The Power of Neg

[Ed. note – “Things Fall Apart (Part 3) – Politics” is the longest note I’ve written, and

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  1. Unsurprisingly, all 23k write-in votes were for Nick Saban. Imagine if he wanted the job…

    Happy Thanksgiving Ben!

  2. Refusing the game is easiest, but it can be very satisfying to take what’s offered as a first step along a narrative of your choice and not the adversary’s. Have your cake and eat it too… When they give you enough rope to hang yourself with, hang them with it instead…
    But that’s coyote behavior (if not thought through far enough) and can get you squashed in the long run. Use with care.

  3. Ben, do you think this simple and very effective two actor negging model works the same way in multi actor set up? What if daughter #2 is competing with Hope for the mustang’s affection? If #2 does not know how to play it wouldn’t she spoil Hope’s gig? What if she knows how to play it but driven by intense sibling jealousy she wants to outsmart her and changes the game. Should Hope adjust her game? What if mustang is partnered with google and knows exactly what is on their minds and stokes the sibling rivalry? What if there are two mustangs?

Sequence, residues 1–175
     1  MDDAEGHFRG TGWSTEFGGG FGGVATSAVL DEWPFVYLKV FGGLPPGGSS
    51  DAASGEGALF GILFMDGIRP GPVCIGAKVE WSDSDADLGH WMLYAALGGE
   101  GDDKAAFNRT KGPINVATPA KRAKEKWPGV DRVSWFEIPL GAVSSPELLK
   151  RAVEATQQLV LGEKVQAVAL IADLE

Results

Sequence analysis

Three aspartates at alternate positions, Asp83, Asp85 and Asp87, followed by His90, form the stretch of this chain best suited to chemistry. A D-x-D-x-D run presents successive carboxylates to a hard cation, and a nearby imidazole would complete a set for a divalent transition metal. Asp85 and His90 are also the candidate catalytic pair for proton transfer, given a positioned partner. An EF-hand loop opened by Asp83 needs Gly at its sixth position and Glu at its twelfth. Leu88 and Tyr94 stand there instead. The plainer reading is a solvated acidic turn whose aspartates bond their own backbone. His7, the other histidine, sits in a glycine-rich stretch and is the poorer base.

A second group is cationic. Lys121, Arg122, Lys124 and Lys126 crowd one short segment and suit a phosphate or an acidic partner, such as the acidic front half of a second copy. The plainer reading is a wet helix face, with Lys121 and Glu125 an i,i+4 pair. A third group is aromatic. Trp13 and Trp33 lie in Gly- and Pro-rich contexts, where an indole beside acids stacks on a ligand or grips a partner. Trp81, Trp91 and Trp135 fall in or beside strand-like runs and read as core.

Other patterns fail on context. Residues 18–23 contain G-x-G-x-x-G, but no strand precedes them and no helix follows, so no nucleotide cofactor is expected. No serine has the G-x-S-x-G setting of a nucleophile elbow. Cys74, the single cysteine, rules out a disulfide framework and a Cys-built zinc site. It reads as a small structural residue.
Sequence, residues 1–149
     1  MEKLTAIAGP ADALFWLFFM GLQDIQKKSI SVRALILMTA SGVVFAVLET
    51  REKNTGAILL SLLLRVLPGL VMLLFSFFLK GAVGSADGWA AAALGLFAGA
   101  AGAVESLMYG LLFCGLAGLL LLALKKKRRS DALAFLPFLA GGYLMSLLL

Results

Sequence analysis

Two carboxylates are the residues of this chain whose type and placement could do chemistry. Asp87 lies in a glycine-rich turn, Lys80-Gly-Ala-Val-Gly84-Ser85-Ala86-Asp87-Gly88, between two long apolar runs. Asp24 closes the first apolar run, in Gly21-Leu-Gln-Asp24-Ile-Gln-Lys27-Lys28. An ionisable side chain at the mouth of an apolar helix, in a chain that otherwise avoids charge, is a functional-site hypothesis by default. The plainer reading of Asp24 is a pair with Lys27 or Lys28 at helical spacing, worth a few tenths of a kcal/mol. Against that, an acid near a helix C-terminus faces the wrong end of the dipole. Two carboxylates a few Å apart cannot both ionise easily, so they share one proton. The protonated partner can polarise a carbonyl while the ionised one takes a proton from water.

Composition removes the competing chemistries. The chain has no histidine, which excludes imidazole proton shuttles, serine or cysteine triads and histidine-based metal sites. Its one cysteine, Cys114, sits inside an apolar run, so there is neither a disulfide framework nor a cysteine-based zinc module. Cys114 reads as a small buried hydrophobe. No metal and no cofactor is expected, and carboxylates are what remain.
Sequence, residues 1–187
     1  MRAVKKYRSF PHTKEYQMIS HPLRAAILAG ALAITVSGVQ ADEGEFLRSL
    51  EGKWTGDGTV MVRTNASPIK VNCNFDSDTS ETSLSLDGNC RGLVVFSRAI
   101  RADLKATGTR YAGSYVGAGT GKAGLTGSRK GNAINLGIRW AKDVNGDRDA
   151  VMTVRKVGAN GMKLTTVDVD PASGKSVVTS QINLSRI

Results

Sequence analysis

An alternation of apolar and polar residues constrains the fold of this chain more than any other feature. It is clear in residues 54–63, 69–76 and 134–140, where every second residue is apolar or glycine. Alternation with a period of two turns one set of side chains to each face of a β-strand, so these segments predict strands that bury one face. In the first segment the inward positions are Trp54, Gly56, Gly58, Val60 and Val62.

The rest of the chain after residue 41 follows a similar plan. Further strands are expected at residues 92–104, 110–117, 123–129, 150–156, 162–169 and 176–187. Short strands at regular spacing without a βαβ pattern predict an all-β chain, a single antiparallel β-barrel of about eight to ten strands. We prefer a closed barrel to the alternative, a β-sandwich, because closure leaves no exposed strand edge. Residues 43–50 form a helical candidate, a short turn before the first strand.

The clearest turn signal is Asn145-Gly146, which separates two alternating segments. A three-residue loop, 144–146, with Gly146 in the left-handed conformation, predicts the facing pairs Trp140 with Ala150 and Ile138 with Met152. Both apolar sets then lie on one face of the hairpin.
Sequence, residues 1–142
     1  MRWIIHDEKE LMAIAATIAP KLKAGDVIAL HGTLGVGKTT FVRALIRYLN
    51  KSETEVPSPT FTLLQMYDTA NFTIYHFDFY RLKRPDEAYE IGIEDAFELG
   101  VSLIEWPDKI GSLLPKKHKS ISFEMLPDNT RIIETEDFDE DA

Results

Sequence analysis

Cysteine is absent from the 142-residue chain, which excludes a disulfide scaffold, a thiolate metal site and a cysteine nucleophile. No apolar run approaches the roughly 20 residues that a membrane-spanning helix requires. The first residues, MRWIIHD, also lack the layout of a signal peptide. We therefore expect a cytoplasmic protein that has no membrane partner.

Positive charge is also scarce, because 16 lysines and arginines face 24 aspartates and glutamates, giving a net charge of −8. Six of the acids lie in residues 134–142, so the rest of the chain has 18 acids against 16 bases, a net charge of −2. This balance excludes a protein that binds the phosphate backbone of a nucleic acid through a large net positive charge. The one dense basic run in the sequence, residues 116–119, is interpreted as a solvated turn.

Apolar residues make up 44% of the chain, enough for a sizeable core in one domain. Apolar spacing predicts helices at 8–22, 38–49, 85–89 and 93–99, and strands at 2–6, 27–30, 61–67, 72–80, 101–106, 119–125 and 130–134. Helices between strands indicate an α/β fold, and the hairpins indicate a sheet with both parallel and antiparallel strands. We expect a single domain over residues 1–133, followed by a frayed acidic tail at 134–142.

4. Avatar for ianfvr ianfvr says:

    Love this note - but isn’t politics so corrupt and dysfunctional, you can tell the wise individuals steer clear of it and influence it from the exterior? Keep it simple and work in the “private sector”? Also, are the good people’s records pristine enough get into politics? You go into politics aren’t you volunteering for brutal, combing scrutiny?

  5. Avatar for Bycote Bycote says:

    pushes glasses up the bridge of his nose

    As much as I hate being THAT GUY… The chess saying is “the best way to refute a Gambit is to ACCEPT it.”

    I’m also the guy whose party trick is kicking your ass at chess while wearing a blindfold (me, not you of course). I love being that guy! :wink:

    Anyway, my comment really takes nothing away from what Ben is saying here. This old saying isn’t gospel in chess and since Emmanuel Lasker every good chess player has recognized the value of what we call “psychology” in choosing your moves. Find two candidate moves that look nearly equally strong? Which one is going to shock your opponent more? Play that move.

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